It happens every year on that dreaded last day of our cottage vacation. I become a lovesick woman.
Sweeping cobwebs from beneath concrete steps and scrubbing toilets, my mind is elsewhere, captivated by remembrance. Of pushing my body into the still lake that woos me outside the open bedroom window. It’s as if nothing else matters but one last embrace with those soft, luxurious waters.
But the clock mocks intimacy, ticking it off as infatuation.
Sabbath isn’t a serious relationship, just a two week fling with indulgence. You are foolish to think you can experience this restful restoration as a continual reality. Love is fickle after the folly of summer vacation.
After the dust clothes are folded back in the drawer, sheets unpinned from the clothesline, I dump soft blueberries in the trash bin and squeeze into my sour swimsuit. For one last dip of wet kisses cascading down my neck, weightless from the absence of burdens.
While floating on my back, gazing into gauzy clouds tearing into frameless faces, I whisper a promise to the Creator.
I will unpack Sabbath from my suitcase and return to you like this weekly. I can no longer live without your nearness. I don’t want to.
As I listen, His response rocks still waters, creating ripples that affect others in my circles of influence.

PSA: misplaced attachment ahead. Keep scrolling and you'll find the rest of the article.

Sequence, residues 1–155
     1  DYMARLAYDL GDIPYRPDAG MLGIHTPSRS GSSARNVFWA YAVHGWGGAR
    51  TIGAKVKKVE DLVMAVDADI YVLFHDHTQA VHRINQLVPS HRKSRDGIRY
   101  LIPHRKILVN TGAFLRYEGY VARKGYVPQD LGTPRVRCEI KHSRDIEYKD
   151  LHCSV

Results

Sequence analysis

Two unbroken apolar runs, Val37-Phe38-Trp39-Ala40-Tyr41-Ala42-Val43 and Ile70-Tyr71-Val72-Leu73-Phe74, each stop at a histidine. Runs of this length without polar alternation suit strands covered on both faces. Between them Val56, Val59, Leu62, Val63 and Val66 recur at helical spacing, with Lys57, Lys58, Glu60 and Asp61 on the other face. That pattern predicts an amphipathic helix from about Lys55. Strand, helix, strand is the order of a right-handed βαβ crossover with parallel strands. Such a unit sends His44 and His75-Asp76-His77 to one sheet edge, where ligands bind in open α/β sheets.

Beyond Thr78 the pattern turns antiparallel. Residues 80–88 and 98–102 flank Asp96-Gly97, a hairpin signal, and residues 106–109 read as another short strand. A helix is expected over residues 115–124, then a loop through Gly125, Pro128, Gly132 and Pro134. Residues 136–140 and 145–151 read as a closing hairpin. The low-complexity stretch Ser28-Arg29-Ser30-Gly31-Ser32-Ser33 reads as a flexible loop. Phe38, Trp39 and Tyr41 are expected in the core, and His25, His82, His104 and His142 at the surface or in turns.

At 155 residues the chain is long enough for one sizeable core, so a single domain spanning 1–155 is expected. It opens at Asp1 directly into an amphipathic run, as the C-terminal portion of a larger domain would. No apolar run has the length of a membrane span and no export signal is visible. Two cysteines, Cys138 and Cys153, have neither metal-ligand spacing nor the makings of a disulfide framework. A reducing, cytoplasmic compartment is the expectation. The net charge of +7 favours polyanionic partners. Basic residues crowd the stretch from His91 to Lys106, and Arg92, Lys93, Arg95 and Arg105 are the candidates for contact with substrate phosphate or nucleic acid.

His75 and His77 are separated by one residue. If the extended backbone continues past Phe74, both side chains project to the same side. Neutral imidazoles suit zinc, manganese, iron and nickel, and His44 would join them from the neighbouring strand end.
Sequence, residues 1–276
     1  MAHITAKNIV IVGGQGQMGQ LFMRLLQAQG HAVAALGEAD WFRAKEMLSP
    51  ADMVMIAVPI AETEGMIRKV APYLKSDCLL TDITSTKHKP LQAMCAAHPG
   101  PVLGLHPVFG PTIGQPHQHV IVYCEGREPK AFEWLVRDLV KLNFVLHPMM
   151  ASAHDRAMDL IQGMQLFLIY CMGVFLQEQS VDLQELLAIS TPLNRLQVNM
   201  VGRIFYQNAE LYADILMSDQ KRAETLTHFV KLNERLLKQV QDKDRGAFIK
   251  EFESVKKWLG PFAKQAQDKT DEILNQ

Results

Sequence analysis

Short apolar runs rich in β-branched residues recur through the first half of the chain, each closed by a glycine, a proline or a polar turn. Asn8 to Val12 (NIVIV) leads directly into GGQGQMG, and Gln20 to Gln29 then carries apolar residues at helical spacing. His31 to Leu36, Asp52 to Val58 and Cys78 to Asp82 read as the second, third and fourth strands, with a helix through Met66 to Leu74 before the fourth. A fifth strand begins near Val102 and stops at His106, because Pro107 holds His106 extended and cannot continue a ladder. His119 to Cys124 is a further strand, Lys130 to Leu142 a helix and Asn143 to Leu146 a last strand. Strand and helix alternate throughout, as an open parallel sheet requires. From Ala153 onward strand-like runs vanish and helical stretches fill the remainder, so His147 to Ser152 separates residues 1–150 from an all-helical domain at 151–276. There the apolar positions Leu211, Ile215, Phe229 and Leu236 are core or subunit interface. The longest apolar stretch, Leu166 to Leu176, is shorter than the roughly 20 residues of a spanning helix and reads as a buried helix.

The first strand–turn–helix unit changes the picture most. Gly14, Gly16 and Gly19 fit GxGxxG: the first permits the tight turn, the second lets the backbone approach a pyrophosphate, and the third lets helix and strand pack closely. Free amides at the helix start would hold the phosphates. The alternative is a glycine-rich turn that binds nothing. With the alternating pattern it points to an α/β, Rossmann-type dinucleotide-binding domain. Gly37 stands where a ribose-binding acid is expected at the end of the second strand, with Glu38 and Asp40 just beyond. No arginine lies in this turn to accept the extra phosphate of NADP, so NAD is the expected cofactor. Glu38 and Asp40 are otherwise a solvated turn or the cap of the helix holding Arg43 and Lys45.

Tell them that Sabbath isn’t only for times away with a suitcase but a weekly unpacking. Of conversation and remembering that I love them. I care more about who they are than what they do. Invite them to join you. When life gets hectic, a weekly Sabbath rhythm will be easier in the embrace of community. Name them the Sabbath Society.
I have kept that promise every week since.
Today, almost four hundred people that make up the Sabbath Society choose rest as a lifestyle instead of a suggestion. We’re quietly forming a Rest Revolution, a behind the scenes transcendent ticking of time that carries ripples of transformation.
Maybe you’re in a season of parenting young children; the desire for whitespace in the forefront but the reality elusive in your schedule. Perhaps you’re a leader, responsible for people and programs that depend on your presence and influence. Or could it be that your previous Sabbath experiences shadow the possibility of vibrancy in the present?
Even in lonely quietness, an internal discordance can make for a place of continual unrest. That fourth commandment seems more like a hurdle to climb over than a loving invitation to peace. Yes?
As we celebrate the value of our work on Labor Day, I’m extending an invitation. Will you join the Rest Revolution, break assumptions about Sabbath and start with a clean slate? Could it be that He tells us to remember the Sabbath and keep the day holy because He knows we will forget?
This month I’m focusing on the why, what and how about rest with members of the Sabbath Society leading the conversation. On Wednesday, Dr. Matthew Sleeth, author of 24/6: A Prescription for a Healthier, Happier Life, will kick us off, sharing wisdom about Sabbath from his perspective as a busy physician. Psst, stay tuned for a special announcement.